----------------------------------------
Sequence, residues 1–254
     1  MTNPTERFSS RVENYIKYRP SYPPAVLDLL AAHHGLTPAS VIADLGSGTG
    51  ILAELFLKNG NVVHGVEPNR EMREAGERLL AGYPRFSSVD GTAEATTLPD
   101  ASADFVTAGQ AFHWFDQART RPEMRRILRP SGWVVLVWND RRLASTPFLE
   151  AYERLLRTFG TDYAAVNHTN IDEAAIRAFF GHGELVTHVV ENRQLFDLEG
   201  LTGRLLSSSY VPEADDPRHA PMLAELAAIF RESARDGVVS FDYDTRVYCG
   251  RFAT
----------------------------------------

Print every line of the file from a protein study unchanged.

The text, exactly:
Sequence, residues 1–254
     1  MTNPTERFSS RVENYIKYRP SYPPAVLDLL AAHHGLTPAS VIADLGSGTG
    51  ILAELFLKNG NVVHGVEPNR EMREAGERLL AGYPRFSSVD GTAEATTLPD
   101  ASADFVTAGQ AFHWFDQART RPEMRRILRP SGWVVLVWND RRLASTPFLE
   151  AYERLLRTFG TDYAAVNHTN IDEAAIRAFF GHGELVTHVV ENRQLFDLEG
   201  LTGRLLSSSY VPEADDPRHA PMLAELAAIF RESARDGVVS FDYDTRVYCG
   251  RFAT